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Motorway speed limits

The question

The government is considering 50mph speed limits on Britain's motorways in an attempt to keep traffic flowing.

As a sweetener other sections of the network will have the speed limit raised to 80mph in line with limits in Europe. What do you think?

If a 50mph limit keeps traffic flowing at 50mph rather than 30mph or stop/start as on parts of the M6 round Birmingham, fine, provided that when the road is clear the limit is 70 (or 80) mph.

In other words, if the proposal was for differential speed limits for different levels of congestion (assuming such measures can be shown to work), I would not seriously object. However, if the proposal is, as it appears, a blanket limit on stretches regardless of traffic flows, it will encourage disregard for speed limits when the road is clear.

Graeme Monteith, sales director, Glasgow Who needs sweeteners for a traffic network that is already over capacity and kills or seriously injures 115 people a day (NCE 25 October)? We need to be brutally honest and face the fact that speed costs money, space, the environment and life. Those that want to compromise the last three of these should pay for it. A blanket limit of 50mph across the whole network outside urban areas I say, with plenty of hidden speed cameras to catch the selfish idiots who choose to ignore it.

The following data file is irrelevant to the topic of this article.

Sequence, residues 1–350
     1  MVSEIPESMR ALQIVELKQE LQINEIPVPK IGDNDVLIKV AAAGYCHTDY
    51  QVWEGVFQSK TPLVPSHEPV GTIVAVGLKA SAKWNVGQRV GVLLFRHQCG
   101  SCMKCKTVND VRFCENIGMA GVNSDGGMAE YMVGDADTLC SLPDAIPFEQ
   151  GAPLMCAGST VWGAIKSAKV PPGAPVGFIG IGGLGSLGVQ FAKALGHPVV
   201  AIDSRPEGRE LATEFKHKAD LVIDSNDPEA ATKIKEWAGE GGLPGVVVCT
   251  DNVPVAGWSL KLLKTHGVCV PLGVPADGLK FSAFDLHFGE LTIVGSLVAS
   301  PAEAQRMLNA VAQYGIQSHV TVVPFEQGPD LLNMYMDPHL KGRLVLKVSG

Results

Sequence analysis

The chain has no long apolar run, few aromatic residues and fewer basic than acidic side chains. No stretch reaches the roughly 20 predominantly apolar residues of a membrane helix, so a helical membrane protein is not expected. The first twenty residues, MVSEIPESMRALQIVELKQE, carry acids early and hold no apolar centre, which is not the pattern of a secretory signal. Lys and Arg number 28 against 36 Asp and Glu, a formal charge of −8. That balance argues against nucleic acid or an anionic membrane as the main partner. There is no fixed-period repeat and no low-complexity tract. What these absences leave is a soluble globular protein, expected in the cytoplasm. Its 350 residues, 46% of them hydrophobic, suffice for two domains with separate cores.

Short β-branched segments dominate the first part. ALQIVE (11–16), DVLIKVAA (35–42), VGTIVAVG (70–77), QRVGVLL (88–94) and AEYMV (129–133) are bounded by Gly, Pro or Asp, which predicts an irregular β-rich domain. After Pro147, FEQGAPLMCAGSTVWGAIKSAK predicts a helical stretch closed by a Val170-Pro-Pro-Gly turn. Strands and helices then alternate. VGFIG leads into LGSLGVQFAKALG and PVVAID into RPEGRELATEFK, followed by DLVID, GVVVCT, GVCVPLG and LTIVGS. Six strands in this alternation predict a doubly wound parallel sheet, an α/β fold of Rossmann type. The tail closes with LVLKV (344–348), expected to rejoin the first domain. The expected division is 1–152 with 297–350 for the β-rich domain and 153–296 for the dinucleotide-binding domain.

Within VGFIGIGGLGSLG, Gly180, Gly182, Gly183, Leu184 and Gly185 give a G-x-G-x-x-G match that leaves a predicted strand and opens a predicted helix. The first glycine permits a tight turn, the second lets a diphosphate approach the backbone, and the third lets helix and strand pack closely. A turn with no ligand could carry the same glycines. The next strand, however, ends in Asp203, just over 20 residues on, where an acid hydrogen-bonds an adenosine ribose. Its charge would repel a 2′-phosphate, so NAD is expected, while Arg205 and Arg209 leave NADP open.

Anthony Lane, 44, project consultant, Carlisle As a northern ex-pat and regular M11/A1 user, this is my two pennyworth. While on some roads a 50mph speed limit might actually represent an increase in driving speeds, a blanket limit across the country seems a pretty make-doand-mend way of dealing with our transport difficulties. Whatever happened to the government's much vaunted integrated transport policy and its promises for greater investment in public transport?

Anyone remember those?

Andy Walker, communications director, London The young van driver who followed me to work this morning had a solution to congestion and improving fuel efficiency. By driving four feet from my bumper he took up less room on the road and benefited from my slipstream. The downside for him is a life expectancy of about nineteen.

Although everyone engaged in this activity is either witless, insane or suicidal, with the application of some technology it could have some long term potential. In the short term I think the proposed scheme is a very good idea and could form part of the solution to our traffic problems.

Dave Brown, engineer, Leicestershire

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